Just this past April, Yukiyasu Kamitani and his colleagues at the ATR Computational Neuroscience Laboratories in Kyoto, Japan, announced that they were close to realizing their goal of being able to visualize people’s dreams. By this, of course, they meant the ability to take what a person was seeing while in deep REM sleep and project it onto a screen.

brain-activityThe process relies on a functional magnetic resonance imaging (fMRI) device, which examines the flow of blood in the brain to monitor activity. Using this data, the team then managed to create an algorithm that they claim can accurately display in real time what images are appearing in the subject’s dream. This is the first time, it is believed, that objective data has been collected from dreams.

But of course, the concept is predicated on the idea that when you experience a thought, your brain behaves in a specific, repeatable function. Assuming that this much is true, then the results could very well be quantifiable and rendered. The technology has already been demonstrated to work with a fair degree of effectiveness, as shown as the 2011 experiment at the University of California, where subjects watched movie trailers and had the images they were watching reconstructed.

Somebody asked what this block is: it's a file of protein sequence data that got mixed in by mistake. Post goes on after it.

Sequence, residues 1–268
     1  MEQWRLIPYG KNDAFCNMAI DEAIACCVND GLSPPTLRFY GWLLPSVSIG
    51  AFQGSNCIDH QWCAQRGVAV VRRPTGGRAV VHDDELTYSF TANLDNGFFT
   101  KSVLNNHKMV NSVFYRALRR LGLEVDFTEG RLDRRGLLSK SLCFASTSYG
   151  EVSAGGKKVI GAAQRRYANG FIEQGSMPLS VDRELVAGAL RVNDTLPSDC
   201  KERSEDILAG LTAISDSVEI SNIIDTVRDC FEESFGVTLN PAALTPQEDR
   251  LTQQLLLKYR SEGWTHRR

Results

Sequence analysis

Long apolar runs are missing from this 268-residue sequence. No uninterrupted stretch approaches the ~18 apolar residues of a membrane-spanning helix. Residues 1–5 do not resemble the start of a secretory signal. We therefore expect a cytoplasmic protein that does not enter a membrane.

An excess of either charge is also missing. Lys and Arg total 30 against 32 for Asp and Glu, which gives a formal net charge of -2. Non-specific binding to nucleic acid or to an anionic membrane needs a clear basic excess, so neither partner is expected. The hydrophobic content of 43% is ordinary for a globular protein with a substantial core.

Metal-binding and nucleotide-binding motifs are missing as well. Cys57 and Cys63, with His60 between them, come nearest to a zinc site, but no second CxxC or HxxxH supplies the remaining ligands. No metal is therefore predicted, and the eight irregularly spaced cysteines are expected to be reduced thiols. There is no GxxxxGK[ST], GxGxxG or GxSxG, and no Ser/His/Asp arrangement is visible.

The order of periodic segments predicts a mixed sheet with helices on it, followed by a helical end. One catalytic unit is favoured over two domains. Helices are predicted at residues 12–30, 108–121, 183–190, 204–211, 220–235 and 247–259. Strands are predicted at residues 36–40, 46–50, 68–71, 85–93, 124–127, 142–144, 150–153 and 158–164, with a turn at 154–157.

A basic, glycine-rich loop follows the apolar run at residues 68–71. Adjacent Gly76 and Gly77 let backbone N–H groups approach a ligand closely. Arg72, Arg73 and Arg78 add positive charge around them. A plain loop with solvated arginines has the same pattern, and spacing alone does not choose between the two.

Science-can-tell-what-you-are-dreamingAnd while some researchers are working on seeing dreams, others are working to reduce the time we spend doing it. Yes, given the hectic pace people who live in the modern, industrialized world are now forced to live by, there are actually research teams out there looking to find ways – pharmaceutical and neurological – to reduce our dependency on sleep.

The purpose is simple, to increase the amount of time we have in which live, produce and enjoy ourselves not by living longer, but by increasing the efficiency of sleep so we can spend more of our lives awake. In an extended essay that is available at Aeon magazine, Jessa Gamble – a writer specializing in the science of sleep – explains how new technologies could make this a reality.